One small, but critical piece of the puzzle is left: ATC is raising money to buy a 7 acre parcel of land immediately adjacent to the existing parking area (see map below) that would allow the National Park Service to consider a wider variety of improvements
Want more solitude than the Dragon’s Tooth/McAfee Knob/Tinker Cliffs corridor on the Appalachian Trail? Just on the other side of the Catawba Valley, the NORTH MOUNTAIN TRAIL in Jefferson National Forest offers about 12 miles of hiking and camping with far less traffic. The downsides: you may encounter a few mountain bikers, there are no water sources after the first mile, and there are very few views when the leaves are on the trees. But this moderately difficult hike offers great views when the leaves are down – between November and late April or early May. Plan a one-night backpack or allow at least 6 to 7 hours for a day hike. You can position cars at each end (Andy Layne/Tinker Cliffs trailhead and Dragon’s Tooth trailhead.)
The Hiking Upward website offers an excellent map and a detailed description, although the mileages differ slightly from those provided on Forest Service signage. The Forest Service map is geared to people entering from the next valley west but it does include a description of the Catawba Trail that begins near the Andy Layne Trail parking lot. The entire North Mountain hike has excellent signage.
HISTORY. On March 1, 1978, problems with some local landowners forced the relocation of the Appalachian Trail away from McAfee Knob and on to North Mountain on the other side of the Catawba Valley in the Jefferson National Forest. This situation did not last long. On January 24, 1982 Roanoke Appalachian Trail Club volunteers Siegfried Kolmstetter, Charles Parry, Andy Layne, Mac McDaniel and Larry Wood brushed out the first mile of the new trail back to McAfee Knob. Although the AT is no longer there, North Mountain remains an outstanding hike, especially between November and April, when the leaves are down and the views most expansive.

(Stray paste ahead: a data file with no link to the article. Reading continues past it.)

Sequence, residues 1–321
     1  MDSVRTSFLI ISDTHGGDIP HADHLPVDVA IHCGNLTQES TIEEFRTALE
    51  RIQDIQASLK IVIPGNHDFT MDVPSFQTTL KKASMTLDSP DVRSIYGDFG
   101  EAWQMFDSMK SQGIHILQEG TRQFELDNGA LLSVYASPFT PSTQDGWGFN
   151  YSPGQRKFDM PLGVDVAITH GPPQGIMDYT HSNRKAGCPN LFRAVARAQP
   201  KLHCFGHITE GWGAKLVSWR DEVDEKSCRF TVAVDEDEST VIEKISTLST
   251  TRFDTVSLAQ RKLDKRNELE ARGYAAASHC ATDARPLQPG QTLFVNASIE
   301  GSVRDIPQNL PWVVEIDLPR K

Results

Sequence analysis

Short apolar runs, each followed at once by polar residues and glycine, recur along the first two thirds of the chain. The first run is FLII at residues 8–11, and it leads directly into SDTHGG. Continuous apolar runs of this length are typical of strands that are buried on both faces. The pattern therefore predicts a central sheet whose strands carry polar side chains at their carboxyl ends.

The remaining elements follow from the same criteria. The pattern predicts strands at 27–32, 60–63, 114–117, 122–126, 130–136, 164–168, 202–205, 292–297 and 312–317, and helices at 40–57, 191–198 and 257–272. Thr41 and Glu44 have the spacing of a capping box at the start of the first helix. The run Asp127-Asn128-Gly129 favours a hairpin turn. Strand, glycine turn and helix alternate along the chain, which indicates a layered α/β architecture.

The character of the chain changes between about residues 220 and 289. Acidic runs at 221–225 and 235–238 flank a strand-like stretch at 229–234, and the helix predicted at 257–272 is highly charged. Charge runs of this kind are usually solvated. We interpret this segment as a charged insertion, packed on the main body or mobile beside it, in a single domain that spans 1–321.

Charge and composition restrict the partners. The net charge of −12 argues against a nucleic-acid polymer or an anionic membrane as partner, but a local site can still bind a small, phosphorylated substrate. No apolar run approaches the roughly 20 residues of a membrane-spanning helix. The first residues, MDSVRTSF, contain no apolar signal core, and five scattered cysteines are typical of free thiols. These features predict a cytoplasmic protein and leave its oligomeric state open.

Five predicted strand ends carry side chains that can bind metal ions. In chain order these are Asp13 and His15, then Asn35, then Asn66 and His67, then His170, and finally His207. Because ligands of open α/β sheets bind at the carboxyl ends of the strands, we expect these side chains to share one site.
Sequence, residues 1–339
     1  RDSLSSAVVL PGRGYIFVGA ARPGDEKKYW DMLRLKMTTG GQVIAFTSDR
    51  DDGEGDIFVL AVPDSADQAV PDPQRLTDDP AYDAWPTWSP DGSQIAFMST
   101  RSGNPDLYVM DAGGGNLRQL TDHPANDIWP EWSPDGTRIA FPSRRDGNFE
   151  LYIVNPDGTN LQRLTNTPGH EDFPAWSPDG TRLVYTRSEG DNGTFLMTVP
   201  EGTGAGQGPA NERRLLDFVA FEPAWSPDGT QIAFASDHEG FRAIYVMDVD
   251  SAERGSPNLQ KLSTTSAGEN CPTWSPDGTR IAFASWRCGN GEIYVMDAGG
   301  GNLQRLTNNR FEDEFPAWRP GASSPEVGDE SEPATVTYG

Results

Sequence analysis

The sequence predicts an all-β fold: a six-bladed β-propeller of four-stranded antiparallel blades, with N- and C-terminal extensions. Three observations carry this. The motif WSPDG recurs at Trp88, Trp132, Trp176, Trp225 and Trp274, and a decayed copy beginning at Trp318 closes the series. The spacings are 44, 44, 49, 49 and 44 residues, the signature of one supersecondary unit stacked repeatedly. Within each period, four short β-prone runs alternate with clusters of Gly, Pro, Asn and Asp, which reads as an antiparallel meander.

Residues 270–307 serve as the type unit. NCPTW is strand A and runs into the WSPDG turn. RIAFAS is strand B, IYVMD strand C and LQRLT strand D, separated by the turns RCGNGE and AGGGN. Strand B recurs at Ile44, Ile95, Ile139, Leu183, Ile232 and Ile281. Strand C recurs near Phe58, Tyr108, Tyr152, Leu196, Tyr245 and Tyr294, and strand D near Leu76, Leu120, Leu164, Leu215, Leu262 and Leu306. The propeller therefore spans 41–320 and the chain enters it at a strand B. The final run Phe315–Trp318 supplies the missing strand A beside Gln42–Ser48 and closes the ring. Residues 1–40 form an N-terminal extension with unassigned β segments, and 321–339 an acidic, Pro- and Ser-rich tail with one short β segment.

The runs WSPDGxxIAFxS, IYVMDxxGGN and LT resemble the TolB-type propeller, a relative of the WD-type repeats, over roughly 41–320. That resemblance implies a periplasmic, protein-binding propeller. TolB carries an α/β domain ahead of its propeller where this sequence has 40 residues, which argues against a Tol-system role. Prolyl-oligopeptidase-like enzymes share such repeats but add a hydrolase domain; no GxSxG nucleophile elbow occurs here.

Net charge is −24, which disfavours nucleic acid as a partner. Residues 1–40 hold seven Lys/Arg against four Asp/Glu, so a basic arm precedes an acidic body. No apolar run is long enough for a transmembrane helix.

As we get ready to start a new hiking season, both hikers and maintainers might enjoy this piece I wrote in honor of Katahdin guide and caretaker Roy Dudley after finishing a complete section hike of the AT in 2008. Enjoy!
Hikers are from Venus, Maintainers are from Mars ~ Dedicated to the spirit of Roy Dudley, an early Katahdin guide who knew the ways of Pamola
By Diana Christopulos (“DC Turtle,” 2008)
Once upon a time on a long winter night, Pamola, spirit protector of Katahdin, sent for Beaver, his steady minion. “I will put an end to the noise of Hiker and Maintainer always complaining about each other,” said the thunder god, stretching his gigantic wings and flexing his eagle talons. “Their petty insults can be heard from Springer Mountain to my thrice-hidden lair.” Pamola swiveled his stately head and looked off to the south. “Bring them to me! Maybe I will finish them off.”
So Beaver went to the low country and found Hiker, who was enjoying a long zero day, lying on his sofa and eating a Snickers for dessert after a gobbling down Ramen noodles and Slim Jims.